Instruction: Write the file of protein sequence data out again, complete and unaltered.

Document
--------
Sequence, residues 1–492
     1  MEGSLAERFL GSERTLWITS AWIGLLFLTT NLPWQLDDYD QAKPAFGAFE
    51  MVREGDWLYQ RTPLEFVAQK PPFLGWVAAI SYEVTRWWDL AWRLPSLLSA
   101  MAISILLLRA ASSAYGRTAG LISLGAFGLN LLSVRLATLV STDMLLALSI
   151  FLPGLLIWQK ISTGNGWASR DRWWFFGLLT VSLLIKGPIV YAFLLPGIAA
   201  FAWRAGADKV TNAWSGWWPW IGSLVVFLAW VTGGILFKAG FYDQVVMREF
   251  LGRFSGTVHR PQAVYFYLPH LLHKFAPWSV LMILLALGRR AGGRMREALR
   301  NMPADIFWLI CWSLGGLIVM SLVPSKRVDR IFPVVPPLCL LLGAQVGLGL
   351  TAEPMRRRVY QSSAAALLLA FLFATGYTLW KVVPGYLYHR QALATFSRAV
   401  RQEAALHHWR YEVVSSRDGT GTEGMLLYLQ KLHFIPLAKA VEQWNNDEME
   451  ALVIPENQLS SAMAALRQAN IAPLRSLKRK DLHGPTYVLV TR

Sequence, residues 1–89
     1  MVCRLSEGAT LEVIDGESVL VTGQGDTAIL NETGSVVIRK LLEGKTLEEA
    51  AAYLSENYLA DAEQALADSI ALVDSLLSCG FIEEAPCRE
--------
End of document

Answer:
Sequence, residues 1–492
     1  MEGSLAERFL GSERTLWITS AWIGLLFLTT NLPWQLDDYD QAKPAFGAFE
    51  MVREGDWLYQ RTPLEFVAQK PPFLGWVAAI SYEVTRWWDL AWRLPSLLSA
   101  MAISILLLRA ASSAYGRTAG LISLGAFGLN LLSVRLATLV STDMLLALSI
   151  FLPGLLIWQK ISTGNGWASR DRWWFFGLLT VSLLIKGPIV YAFLLPGIAA
   201  FAWRAGADKV TNAWSGWWPW IGSLVVFLAW VTGGILFKAG FYDQVVMREF
   251  LGRFSGTVHR PQAVYFYLPH LLHKFAPWSV LMILLALGRR AGGRMREALR
   301  NMPADIFWLI CWSLGGLIVM SLVPSKRVDR IFPVVPPLCL LLGAQVGLGL
   351  TAEPMRRRVY QSSAAALLLA FLFATGYTLW KVVPGYLYHR QALATFSRAV
   401  RQEAALHHWR YEVVSSRDGT GTEGMLLYLQ KLHFIPLAKA VEQWNNDEME
   451  ALVIPENQLS SAMAALRQAN IAPLRSLKRK DLHGPTYVLV TR

Sequence, residues 1–89
     1  MVCRLSEGAT LEVIDGESVL VTGQGDTAIL NETGSVVIRK LLEGKTLEEA
    51  AAYLSENYLA DAEQALADSI ALVDSLLSCG FIEEAPCRE